This name is now given to the district immediately east and south east of God's House Gate. It has a long history, originally built in the 13th century as a quay for God's House Hospital. In the 17th century it was extended and strengthened, becoming an important part of the town's defences, with a battery of cannon mounted on carriages. In the 18th century, as the threat of invasion receded, the guns were replaced with a saluting battery, and to these were eventually added guns captured at the siege of Sebastopol in the Crimean War. The drive and promenade constituted an attractive amenity in Regency times and was a popular venue for walks. With the building of the docks in the 19th century, the Platform no longer looked out over the waterfront and its popularity declined.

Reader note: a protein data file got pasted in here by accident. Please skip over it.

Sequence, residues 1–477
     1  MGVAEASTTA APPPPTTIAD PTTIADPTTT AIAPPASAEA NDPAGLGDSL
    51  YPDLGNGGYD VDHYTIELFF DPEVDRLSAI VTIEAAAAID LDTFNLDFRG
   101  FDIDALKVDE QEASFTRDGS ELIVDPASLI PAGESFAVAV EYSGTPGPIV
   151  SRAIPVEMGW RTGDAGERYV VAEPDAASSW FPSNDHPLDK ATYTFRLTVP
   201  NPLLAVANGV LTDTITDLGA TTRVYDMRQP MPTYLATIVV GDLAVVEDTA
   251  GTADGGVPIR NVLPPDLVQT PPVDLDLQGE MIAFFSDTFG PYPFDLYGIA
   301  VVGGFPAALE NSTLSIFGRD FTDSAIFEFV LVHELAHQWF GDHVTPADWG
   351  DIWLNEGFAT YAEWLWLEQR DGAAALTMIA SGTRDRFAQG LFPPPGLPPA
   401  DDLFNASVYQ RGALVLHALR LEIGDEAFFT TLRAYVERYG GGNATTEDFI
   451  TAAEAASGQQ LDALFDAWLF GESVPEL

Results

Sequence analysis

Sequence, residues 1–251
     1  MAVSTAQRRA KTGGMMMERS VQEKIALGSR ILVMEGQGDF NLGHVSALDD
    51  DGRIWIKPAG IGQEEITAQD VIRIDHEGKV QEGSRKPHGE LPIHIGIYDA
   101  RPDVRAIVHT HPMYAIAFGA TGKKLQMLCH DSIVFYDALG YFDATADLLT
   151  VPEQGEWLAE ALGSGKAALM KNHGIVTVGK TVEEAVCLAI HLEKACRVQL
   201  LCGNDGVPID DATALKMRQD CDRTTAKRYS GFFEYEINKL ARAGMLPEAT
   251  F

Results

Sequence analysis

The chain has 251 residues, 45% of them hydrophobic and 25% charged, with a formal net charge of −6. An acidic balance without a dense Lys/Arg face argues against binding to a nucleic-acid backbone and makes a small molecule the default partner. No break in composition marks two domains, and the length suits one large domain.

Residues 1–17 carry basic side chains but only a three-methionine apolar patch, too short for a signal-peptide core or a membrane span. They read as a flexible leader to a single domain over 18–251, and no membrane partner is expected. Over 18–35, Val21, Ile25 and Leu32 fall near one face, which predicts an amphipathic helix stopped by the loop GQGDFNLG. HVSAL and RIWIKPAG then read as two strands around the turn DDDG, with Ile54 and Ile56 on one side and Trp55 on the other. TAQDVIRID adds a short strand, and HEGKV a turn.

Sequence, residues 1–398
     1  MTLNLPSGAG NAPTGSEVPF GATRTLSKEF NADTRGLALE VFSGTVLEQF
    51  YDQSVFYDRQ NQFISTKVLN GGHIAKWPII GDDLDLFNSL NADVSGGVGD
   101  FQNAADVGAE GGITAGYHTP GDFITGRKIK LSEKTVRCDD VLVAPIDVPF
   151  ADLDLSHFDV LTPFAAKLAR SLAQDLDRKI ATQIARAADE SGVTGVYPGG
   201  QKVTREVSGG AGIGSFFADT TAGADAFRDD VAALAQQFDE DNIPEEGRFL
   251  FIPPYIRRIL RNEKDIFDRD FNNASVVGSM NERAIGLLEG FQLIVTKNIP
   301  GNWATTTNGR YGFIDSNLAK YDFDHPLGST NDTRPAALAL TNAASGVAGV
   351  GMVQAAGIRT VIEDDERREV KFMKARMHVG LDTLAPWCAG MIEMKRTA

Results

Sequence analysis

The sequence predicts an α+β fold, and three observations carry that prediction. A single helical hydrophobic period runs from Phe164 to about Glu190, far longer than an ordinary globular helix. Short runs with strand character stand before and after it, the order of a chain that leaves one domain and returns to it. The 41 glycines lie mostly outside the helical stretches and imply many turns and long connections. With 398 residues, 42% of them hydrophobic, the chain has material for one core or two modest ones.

Platform, The

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A Thomas Hibberd James photograph of the Platform, c.1895

Platform, The

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A view of the Platform of c.1850 showing the saluting battery

see also

Further reading:

Southampton Occasional Notes, by ‘Townsman’, p25-26. (HS/h)
Picture of Southampton (1849), by Philip Brannon, p21-2, 30, 39, 56. (HS/h)


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